Kent’s ShoWare Center to get additional $1.5 million in federal relief

City-owned arena received $3.1 million earlier this year due to COVID-19 impact that shuttered venue

The city of Kent will get another $1.52 million in federal relief for the accesso ShoWare Center due to the impact of COVID-19.

The city-owned arena received $3.1 million earlier this year from the U.S. Small Business Administration for the Shuttered Venue Operators Grant for emergency assistance for venues impacted between March 1, 2020 and Dec. 31, 2021. The funds are part of the American Rescue Plan Act approved by Congress.

“The SBA opened a grant for additional funding,” City Finance Director Paula Painter said at the Nov. 2 Kent City Council meeting. “The venue provided more information and more recent financial figures, and they offered an additional $1.5 million.”

That brings the total to $4.3 million in relief to the ShoWare Center. The 6,200-seat arena lost $1.14 million in 2020 as it was shut down most of the year due to the pandemic. The arena has lost $591,000 through the first three quarters of 2021, according to SMG, the operator of the facility.

Funds must be used on eligible expenses such as payroll costs, contractual agreements, utility payments, ordinary and necessary business expenses and administrative costs.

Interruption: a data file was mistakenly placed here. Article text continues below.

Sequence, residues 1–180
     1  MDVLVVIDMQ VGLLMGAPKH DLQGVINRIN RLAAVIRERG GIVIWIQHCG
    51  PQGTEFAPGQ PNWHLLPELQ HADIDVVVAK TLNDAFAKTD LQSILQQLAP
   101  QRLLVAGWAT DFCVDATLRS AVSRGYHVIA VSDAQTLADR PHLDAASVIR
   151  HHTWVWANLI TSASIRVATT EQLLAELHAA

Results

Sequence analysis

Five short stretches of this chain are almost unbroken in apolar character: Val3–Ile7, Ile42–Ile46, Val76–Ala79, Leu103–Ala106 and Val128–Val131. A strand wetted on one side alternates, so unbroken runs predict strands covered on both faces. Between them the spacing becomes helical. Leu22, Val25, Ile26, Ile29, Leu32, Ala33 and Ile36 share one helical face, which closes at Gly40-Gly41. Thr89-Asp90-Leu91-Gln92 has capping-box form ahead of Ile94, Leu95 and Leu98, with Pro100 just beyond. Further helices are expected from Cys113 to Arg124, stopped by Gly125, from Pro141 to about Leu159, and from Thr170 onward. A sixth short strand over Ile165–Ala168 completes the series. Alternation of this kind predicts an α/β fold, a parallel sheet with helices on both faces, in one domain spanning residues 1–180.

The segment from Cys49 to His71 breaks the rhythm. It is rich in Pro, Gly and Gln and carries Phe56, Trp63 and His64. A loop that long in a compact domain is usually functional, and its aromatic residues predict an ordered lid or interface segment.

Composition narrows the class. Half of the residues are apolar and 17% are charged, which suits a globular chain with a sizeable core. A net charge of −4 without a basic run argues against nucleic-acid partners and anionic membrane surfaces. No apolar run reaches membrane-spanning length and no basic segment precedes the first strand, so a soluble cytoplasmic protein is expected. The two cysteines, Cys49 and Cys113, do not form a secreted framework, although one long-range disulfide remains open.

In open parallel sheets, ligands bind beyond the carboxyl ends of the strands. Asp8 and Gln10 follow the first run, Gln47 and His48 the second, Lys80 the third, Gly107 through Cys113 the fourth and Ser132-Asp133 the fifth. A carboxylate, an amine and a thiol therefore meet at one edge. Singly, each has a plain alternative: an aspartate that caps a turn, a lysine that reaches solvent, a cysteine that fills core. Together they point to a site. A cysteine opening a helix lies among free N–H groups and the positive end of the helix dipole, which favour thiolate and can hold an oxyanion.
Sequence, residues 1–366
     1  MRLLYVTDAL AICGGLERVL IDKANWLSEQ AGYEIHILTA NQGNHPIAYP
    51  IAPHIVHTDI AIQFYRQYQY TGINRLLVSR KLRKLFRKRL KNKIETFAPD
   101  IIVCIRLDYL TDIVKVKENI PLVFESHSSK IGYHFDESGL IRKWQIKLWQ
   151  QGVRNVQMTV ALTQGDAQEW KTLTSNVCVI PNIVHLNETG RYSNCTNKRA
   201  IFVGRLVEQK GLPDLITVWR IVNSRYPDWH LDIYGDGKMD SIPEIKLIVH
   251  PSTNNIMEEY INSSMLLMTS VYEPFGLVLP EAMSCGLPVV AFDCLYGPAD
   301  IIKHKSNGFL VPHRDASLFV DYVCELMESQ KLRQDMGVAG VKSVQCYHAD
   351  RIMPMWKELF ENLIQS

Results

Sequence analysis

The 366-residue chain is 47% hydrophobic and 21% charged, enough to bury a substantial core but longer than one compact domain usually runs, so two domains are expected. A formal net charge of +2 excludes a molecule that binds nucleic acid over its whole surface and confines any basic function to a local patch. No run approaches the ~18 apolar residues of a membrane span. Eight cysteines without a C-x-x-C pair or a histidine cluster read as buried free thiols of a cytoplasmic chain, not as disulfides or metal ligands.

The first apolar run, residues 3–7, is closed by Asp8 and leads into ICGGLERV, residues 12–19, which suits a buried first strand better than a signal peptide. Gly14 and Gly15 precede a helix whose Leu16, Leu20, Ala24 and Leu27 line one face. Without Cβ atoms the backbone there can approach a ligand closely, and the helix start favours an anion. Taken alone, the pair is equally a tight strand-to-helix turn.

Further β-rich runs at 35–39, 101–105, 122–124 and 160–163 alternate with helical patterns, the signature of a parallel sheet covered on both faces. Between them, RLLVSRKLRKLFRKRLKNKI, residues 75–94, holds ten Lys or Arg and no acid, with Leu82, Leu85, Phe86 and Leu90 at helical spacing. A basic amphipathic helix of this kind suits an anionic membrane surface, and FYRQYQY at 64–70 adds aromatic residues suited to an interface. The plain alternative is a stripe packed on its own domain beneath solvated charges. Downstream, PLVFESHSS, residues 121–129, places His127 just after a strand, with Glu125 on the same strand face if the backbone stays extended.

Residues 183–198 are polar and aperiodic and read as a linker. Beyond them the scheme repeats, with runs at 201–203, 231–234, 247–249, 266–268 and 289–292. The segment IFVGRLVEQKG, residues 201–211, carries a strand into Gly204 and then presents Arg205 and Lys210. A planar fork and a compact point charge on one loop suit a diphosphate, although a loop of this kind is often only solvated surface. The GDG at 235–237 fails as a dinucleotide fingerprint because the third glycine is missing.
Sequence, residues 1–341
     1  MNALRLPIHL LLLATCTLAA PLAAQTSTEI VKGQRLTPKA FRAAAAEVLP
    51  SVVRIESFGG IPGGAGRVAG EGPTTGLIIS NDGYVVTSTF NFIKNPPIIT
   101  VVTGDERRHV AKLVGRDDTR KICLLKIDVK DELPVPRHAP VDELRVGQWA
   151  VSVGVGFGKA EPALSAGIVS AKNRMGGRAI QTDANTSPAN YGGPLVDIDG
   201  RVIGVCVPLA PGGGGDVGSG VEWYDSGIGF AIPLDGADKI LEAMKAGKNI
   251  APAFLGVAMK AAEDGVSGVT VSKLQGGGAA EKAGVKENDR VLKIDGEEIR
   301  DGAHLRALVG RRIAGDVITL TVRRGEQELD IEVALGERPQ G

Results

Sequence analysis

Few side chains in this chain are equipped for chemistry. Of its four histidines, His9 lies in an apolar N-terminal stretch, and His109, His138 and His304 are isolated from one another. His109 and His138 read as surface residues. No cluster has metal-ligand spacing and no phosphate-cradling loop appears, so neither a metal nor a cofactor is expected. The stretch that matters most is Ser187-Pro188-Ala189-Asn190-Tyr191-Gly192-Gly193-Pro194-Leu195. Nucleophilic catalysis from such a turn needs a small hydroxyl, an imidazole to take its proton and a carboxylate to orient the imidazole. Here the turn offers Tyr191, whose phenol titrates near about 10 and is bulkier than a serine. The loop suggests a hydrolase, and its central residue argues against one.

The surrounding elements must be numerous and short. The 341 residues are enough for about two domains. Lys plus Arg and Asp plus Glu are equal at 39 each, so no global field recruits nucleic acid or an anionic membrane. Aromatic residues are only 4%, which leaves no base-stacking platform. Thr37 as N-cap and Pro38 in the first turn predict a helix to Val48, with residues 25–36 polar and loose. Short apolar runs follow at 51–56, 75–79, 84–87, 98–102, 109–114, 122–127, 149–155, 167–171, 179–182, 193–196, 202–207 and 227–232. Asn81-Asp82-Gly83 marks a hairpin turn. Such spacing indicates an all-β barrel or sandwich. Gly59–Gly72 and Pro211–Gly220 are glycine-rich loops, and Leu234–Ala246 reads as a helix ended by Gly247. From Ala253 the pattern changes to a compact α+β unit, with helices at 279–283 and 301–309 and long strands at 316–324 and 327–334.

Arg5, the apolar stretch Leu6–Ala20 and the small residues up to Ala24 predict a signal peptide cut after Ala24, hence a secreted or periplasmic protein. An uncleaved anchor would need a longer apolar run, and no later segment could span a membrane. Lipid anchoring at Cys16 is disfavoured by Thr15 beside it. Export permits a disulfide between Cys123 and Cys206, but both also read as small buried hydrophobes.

“We will have to come back to you with a plan of how to spend the money,” Painter said to the council. “We will work with the SMG general manager about how best to use the dollars within the parameters of the grant.”

The U.S. Small Business Administration’s contract deadline for the city to spend the money was extended to June 30, 2022.

Of the $3.1 million grant, SMG and city officials decided about $1.8 million will go to personnel costs; $403,000 to administrative costs; $390,000 to utilities; $295,000 to business expenses; and $111,000 to contractual agreements, Painter said in an earlier report to the council.

The city’s 5% admissions tax on each ticket sold brought in just $138,501 in 2020 compared to $638,090 in 2019. There was no admission tax monies through the first eight months of this year. That money goes to the city’s general fund.

The city has helped cover the arena losses with its annual contribution of $500,000 from the general fund to operating costs. The city also kicks in $300,000 a year for capital costs where needed to help keep the facility upgraded.

The city contributed another $545,000 from federal COVID-19 relief to help cover the costs when the $84.5 million ShoWare Center reopened this fall to concerts and events.

Staffing problems

As with many other businesses, the ShoWare Center has struggled to hire enough employees.

The arena is looking to hire part-time kitchen help, ushers, ticket sellers and changeover laborers who help set up the floor for hockey games and concerts. The pay is $20 per hour. The list of jobs on the ShoWare’s website includes usher, Zamboni driver, security office personnel, audio/visual technician, parking attendant, ticket seller, bartender, suite attendant, catering, suites runner, line cook, prep cook and dishwasher.

The center had to shut down a buffet it normally operates on the second floor prior to events due to a lack of kitchen help.

“We need you if you can cook or if you can’t cook,” said Tim Higgins, ShoWare general manager, at an Oct. 28 Public Facilities District meeting.

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